Design a deck of cards that can be used for different card game applications.
Model the Animal kingdom as a class system, for use in a Virtual Zoo program.
Create a class design to represent a filesystem.
Design an OO representation to model HTML.
We're not saying anything about the pros and cons of OO design here, nor are we asking for a comprehensive, low-level OO design. These questions are here to determine whether candidates are familiar with the basic principles of OO, and more importantly, whether the candidate can produce a reasonable-sounding OO solution. We're looking for understanding of the basic principles, as described in the Monopoly Interview.
Scripting and Regular Expressions
Last year my team had to remove all the phone numbers from 50,000 Amazon web page templates, since many of the numbers were no longer in service, and we also wanted to route all customer contacts through a single page.
Let's say you're on my team, and we have to identify the pages having probable U.S. phone numbers in them. To simplify the problem slightly, assume we have 50,000 HTML files in a Unix directory tree, under a directory called "/website". We have 2 days to get a list of file paths to the editorial staff. You need to give me a list of the .html files in this directory tree that appear to contain phone numbers in the following two formats: (xxx) xxx-xxxx and xxx-xxx-xxxx.
How would you solve this problem? Keep in mind our team is on a short (2-day) timeline.
This is an interesting one. Steve says 25% to 35% of all software development engineer candidates cannot solve this problem at all-- even with lots of hints and given the entire interview hour. What we're looking for is a general reluctance to reinvent the wheel, and some familiarity with scripting languages and regular expressions. To me, this question indicates whether a developer will spend days doing programming work that he or she could have neatly avoided with, perhaps, a quick web search and some existing code that's already out there.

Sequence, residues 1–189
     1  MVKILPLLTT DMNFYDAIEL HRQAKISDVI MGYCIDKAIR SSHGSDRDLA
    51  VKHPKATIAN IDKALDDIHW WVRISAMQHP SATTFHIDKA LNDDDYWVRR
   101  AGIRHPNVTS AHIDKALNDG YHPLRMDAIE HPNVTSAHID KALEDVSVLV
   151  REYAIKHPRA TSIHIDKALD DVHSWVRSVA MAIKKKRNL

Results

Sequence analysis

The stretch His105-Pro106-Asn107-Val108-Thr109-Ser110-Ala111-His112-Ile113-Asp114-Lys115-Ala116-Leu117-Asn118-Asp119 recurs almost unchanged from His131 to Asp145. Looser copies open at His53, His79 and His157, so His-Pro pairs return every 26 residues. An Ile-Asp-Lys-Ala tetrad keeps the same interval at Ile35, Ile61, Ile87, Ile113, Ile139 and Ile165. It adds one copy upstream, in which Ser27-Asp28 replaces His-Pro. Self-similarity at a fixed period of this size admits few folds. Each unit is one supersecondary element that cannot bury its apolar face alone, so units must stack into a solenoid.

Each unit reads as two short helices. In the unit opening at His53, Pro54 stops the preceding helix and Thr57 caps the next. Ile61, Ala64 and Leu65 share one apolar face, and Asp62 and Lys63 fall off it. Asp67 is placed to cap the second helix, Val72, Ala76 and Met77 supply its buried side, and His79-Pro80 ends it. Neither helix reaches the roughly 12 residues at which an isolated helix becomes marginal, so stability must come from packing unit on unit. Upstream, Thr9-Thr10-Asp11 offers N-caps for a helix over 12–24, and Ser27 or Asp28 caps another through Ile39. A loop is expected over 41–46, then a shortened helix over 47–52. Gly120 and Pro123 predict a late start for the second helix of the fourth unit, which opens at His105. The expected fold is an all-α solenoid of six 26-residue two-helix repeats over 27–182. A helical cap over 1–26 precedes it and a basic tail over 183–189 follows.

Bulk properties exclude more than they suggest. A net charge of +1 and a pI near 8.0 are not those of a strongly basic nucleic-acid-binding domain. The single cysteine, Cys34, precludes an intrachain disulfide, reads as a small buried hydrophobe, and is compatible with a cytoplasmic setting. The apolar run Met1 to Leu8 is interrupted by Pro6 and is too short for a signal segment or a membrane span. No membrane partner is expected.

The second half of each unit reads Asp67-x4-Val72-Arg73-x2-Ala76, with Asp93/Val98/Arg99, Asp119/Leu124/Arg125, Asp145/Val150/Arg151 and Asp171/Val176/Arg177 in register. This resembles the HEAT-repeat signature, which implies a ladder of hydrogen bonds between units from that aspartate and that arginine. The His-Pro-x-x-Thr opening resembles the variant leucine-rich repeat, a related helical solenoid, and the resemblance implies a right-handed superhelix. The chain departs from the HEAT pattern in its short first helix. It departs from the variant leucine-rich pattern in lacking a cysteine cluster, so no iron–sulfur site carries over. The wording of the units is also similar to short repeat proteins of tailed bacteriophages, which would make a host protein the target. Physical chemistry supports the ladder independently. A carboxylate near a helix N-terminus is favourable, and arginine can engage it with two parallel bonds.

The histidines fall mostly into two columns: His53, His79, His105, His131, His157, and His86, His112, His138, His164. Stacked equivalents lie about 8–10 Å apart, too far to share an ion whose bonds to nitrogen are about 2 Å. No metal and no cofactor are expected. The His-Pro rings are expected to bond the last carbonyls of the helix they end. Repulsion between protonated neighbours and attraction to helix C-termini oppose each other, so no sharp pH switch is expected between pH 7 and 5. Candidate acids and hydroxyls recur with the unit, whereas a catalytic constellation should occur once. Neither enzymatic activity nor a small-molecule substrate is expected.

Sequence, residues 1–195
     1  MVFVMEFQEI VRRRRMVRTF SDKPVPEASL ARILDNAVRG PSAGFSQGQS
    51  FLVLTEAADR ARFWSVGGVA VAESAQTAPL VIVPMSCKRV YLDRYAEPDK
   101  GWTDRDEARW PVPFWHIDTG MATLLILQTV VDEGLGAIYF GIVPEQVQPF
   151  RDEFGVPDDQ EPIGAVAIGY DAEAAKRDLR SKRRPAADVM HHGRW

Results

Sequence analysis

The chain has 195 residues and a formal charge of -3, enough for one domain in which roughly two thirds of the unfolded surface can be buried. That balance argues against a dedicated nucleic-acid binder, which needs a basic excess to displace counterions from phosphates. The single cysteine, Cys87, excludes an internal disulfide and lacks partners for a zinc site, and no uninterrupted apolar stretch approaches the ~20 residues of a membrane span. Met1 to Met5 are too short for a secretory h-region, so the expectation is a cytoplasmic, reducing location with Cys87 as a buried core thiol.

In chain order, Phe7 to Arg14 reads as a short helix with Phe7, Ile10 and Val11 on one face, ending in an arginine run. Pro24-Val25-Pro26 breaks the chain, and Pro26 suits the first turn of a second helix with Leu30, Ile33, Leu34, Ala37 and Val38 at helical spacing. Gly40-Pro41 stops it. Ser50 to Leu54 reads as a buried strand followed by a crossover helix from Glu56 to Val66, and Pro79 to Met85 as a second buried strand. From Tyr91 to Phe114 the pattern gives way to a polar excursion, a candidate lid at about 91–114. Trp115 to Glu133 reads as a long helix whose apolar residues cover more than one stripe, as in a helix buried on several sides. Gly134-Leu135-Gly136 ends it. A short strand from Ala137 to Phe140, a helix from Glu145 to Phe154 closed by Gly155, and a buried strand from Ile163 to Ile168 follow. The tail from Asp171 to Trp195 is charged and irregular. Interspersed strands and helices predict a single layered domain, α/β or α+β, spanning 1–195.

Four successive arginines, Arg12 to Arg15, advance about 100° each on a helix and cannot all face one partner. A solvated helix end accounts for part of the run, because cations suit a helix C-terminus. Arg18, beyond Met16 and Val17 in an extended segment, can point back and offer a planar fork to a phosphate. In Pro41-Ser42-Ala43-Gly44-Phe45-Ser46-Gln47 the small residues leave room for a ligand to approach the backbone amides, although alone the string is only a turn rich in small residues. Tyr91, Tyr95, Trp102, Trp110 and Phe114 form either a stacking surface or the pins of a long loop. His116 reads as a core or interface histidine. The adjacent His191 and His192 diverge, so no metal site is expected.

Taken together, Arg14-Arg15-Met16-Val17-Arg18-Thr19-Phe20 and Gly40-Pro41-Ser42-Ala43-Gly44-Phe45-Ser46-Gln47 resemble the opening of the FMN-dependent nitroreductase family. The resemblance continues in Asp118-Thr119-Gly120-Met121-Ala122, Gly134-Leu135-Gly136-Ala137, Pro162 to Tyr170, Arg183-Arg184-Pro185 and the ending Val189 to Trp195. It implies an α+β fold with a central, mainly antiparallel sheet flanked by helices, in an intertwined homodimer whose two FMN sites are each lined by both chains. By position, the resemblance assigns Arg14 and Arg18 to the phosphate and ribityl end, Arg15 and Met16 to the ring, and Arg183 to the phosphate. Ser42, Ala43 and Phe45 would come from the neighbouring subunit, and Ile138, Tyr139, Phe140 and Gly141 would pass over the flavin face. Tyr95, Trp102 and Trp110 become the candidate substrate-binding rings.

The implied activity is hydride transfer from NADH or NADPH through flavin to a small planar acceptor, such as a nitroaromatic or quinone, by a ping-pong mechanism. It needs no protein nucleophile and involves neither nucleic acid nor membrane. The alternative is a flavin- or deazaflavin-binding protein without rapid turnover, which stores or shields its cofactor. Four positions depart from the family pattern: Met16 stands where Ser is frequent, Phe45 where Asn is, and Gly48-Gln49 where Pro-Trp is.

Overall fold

What are some really common data structures, e.g. in
When would you use a linked list vs. a vector?
Can you implement a Map with a tree? What about with a list?
How do you print out the nodes of a tree in level-order (i.e. first level, then 2nd level, then 3rd level, etc.)
What's the worst-case insertion performance of a hashtable? Of a binary tree?
What are some options for implementing a priority queue?
A candidate should be able to demonstrate a basic understanding of the most common data structures. More specifically, the big ones like arrays, vectors, linked lists, hashtables, trees, and graphs. They should also know the fundamentals of "big-O" algorithmic complexity: constant, logarithmic, linear, polynomial, exponential, and factorial. If they can't, that's a huge warning flag.
Bits and Bytes
Tell me how to test whether the high-order bit is set in a byte.
Write a function to count all the bits in an int value; e.g. the function with the signature
int countBits(int x)
Describe a function that takes an int value, and returns true if the bit pattern of that int value is the same if you reverse it (i.e. it's a palindrome); i.e.
boolean isPalindrome(int x)
As Steve says, "Computers don't have ten fingers, they have one. So people need to know this stuff." You shouldn't be treated to an uncomfortable silence after asking a candidate what 2^16 is; it's a special number. They should know it. Similarly, they should know the fundamentals of AND, OR, NOT and XOR-- and how a bitwise AND differs from a logical AND. You might even ask about signed vs. unsigned, and why bit-shifting operations might be important. They should be able to explain why the old programmer's joke, "why do programmers think Oct 31 and Dec 25 are the same day?" is funny.
Performing a thorough, detailed phone screen is a lot of work. But it's worth it. Every candidate eliminated through the phone screen saves at least 8 man-hours of time that would have been wasted by everyone in a hands-on test. Each time an unqualified candidate makes it to the hands-on test, you should be asking yourself-- how could we have eliminated this candidate in the phone screen?